Finally on a related point, also relating to current issues they are going to review the grading policies that conflate behavior and academic performance. Here the problem is that students who are suspended not only get punished for their behavior but also academically. Many of the students who get punished for behavioral problems already have academic problems and so if they have to take zeroes on their coursework that they miss, they are simply falling further behind their contemporaries. That institutes a duel punishment and one that is not conducive to the overall goal of helping students academically who have behavioral problems. While this was not the case with the student involved in the DHS Malcolm X incident, the student nevertheless suffered greatly academically by missing several key exams. While there is of course a need to punish behavior, it does not make much sense to also punish the students academically.
While many of these changes sound good, the problem has never been coming up with good ideas, it has been following through on them. We shall talk about this again with regards to the climate programs that Mel Lewis talked about. But, Tansey Thomas, a long time community activist pointed out a 1990 report on Intergroup Group Study and a 1992 Task Force as a result of a report from the Department of Education. This report made a number of great recommendations, but it was never implemented. The only thing that has changed since the report—the finding and recommendations are all there and just needs to be updated to include Prop. 209 (end of Affirmative Action).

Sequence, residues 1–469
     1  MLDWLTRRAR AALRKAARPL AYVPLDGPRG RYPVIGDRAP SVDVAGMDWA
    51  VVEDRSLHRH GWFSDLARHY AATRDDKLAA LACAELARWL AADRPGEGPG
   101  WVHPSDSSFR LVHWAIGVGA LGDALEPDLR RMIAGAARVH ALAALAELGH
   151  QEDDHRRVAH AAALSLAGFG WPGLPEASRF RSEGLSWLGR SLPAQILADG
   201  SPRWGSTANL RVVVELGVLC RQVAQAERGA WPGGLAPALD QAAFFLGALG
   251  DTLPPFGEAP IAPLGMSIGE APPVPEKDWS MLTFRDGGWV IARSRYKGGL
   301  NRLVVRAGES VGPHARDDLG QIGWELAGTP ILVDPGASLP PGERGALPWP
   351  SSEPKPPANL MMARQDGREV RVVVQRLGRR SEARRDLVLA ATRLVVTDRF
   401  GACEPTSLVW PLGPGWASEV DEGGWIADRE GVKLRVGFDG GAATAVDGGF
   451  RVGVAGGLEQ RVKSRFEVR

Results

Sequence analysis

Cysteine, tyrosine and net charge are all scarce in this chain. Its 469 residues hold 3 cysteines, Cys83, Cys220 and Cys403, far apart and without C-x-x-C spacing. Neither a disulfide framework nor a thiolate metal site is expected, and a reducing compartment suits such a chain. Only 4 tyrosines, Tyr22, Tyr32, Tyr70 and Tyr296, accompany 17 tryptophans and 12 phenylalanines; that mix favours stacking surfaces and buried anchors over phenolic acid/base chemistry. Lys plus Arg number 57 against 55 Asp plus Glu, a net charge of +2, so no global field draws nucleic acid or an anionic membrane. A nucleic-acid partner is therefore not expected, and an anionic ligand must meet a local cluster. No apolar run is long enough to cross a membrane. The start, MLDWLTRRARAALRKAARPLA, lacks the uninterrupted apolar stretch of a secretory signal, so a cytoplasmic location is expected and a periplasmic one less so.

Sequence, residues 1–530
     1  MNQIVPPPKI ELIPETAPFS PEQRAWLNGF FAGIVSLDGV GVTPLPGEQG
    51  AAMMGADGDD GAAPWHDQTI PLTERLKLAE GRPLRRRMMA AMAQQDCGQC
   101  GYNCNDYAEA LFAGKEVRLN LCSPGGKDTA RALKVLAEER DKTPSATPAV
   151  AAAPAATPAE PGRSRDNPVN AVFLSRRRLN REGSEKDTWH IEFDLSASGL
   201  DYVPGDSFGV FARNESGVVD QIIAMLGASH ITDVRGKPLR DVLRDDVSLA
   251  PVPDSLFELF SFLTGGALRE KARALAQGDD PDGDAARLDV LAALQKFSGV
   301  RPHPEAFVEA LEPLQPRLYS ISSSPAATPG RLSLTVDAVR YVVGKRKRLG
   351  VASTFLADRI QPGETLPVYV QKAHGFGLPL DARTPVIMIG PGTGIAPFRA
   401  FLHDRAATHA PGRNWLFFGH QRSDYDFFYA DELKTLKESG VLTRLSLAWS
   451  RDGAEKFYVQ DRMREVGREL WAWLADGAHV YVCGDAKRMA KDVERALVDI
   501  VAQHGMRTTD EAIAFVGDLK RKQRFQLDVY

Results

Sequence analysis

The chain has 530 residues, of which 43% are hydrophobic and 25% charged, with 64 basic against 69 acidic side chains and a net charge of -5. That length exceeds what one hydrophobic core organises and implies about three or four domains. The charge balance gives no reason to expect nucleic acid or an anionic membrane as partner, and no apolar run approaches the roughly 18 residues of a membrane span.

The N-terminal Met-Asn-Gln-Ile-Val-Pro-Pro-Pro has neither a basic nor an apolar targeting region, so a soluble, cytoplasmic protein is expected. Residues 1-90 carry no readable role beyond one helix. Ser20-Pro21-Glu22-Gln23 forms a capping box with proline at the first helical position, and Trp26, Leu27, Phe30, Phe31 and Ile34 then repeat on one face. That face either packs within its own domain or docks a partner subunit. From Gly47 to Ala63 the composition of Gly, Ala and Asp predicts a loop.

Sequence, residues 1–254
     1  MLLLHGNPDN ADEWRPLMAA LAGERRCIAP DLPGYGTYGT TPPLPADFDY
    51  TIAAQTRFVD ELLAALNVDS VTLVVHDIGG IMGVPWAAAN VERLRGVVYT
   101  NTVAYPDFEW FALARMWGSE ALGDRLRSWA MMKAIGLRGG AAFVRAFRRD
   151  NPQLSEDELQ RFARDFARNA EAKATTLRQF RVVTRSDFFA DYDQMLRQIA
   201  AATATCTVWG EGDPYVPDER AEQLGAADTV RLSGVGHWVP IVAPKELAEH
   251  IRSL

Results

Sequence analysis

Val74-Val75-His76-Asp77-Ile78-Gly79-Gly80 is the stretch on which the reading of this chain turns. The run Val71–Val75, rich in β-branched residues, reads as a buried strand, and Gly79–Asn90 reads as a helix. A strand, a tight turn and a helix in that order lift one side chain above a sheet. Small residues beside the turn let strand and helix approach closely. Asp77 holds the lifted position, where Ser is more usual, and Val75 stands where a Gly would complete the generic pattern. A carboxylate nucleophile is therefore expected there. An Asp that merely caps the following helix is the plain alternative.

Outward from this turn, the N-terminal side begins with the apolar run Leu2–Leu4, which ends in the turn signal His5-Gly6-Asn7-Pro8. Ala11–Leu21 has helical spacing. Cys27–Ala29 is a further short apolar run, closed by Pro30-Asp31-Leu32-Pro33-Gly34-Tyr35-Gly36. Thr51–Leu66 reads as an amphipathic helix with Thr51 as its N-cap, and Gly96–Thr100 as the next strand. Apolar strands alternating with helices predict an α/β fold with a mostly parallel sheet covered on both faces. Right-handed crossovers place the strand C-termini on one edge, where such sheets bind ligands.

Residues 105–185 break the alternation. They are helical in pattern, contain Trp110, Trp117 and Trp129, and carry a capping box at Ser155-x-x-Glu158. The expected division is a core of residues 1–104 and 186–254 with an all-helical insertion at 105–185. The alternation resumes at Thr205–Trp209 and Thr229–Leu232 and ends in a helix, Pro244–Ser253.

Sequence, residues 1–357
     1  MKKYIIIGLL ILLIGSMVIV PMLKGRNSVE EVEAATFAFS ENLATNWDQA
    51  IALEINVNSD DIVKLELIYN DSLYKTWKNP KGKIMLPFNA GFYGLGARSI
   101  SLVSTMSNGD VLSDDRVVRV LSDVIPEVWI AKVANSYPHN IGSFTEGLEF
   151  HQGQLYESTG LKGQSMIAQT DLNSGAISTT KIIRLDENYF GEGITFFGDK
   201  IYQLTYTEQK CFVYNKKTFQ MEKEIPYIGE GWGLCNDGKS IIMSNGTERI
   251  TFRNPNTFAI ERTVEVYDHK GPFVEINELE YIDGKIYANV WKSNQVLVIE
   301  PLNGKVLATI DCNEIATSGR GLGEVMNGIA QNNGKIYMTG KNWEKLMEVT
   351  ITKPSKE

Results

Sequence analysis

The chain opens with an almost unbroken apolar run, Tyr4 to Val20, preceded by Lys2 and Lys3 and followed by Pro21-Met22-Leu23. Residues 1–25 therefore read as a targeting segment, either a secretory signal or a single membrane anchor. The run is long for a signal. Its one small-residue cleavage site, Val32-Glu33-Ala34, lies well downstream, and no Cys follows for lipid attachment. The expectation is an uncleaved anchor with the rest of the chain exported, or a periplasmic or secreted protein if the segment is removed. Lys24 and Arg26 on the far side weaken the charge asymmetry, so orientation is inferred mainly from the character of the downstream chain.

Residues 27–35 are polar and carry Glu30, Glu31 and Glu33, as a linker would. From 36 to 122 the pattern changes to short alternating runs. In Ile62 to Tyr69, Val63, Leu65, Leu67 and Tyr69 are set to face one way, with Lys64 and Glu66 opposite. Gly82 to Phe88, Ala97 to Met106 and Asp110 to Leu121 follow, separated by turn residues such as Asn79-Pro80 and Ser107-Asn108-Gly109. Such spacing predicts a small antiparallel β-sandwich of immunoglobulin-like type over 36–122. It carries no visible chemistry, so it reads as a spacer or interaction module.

As Ms. Thomas said, “I don’t know why we want to start over again, everything that was a problem then, is a problem now. It’s like we’ve gone nowhere… That we form another study group, start another cycle, and it goes nowhere.”
This illustrates that while these presentations and reports sound good, if they are not implemented, nothing comes of them obviously.
Clearly the school district needs to follow through on much of these programs, but what was presented last night was tremendous in at least beginning to address many of the longstanding complaints—and these are complaints that were made over 20 years ago and probably long for that. Now the district needs to as they say—make these institutional and ongoing, so that this does not come up every so often in response to crises in the district.
—Doug Paul Davis reporting